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Nutr Res. 2011 Mar;31(3):223-8. doi: 10.1016/j.nutres.2011.02.002. Epub 2011 Mar 22.

No observable differences in glycemic response to maltitol in human subjects from 3 ethnically diverse groups.

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Functional Food Centre, School of Life Sciences, Oxford Brookes University, Gypsy Lane Campus, Headington, OX3 0BP Oxford, UK.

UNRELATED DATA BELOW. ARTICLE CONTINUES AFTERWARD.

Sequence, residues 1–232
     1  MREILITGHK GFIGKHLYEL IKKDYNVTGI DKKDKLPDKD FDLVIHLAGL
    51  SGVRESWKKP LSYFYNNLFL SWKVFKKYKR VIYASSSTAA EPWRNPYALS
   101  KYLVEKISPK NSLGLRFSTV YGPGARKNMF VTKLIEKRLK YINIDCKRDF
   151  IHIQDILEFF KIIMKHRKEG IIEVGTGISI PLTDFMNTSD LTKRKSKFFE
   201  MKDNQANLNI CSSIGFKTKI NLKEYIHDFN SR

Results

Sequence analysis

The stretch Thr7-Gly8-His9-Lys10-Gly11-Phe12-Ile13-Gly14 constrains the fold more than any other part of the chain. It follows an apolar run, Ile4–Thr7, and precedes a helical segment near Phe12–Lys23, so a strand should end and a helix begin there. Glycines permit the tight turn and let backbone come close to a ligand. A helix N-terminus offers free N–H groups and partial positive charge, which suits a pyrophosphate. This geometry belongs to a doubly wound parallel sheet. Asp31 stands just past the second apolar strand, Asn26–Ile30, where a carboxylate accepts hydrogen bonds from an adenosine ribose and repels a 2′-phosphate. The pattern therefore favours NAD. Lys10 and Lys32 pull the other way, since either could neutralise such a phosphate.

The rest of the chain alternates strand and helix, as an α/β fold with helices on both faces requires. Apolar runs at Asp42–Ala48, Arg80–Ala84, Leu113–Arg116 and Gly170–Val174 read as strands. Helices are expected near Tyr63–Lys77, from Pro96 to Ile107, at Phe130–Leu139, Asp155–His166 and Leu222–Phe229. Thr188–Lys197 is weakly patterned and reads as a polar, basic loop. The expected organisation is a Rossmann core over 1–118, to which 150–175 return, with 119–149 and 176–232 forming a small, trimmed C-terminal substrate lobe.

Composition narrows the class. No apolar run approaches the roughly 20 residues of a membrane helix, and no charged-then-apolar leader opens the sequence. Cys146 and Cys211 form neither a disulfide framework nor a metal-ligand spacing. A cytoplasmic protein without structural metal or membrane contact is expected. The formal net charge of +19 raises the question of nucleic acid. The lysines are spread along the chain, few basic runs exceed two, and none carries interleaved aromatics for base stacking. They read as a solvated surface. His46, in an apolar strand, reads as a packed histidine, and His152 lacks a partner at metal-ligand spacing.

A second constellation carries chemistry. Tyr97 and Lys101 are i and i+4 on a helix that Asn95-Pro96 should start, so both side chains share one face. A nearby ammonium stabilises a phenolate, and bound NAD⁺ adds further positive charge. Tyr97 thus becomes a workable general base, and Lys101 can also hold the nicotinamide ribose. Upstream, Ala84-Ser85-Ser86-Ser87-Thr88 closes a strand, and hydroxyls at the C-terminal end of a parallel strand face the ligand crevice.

Consumption of a low glycemic index (GI) diet may be helpful in the management and prevention of diabetes and cardiovascular disease. The investigation of GI has been predominantly confined to white subjects. We hypothesized that differences in glycemic response (GR) may be observable in subjects of different ethnic origin. The objective of the present study was to determine GR to a high GI (glucose) and low GI (maltitol) test drink in subjects of different ethnic origin. In a randomized, single-blind crossover trial, 10 whites, 10 South Indians and 10 Chinese subjects consumed either glucose or maltitol test drink containing 50 g of one of the test products on different occasions. Capillary blood glucose samples were taken at 15 and 10 minutes before and 0, 15, 30, 45, 60, 90, 120, 150, and 180 minutes after consumption of the test drink. The incremental area under the curve of glucose and maltitol were not significantly different between the 3 groups. The mean GR for maltitol was 33.5% in whites, 32.9% in Chinese, and 23.1% in South Indians. The results presented here confirmed that there are no observable differences noted in GR to a high-GI or low-GI test drink between the 3 ethnically diverse groups. We conclude that different ethnic groups exhibit similar GR to low- and high-GI drinks, and GR to maltitol is similar irrespective of ethnic background.

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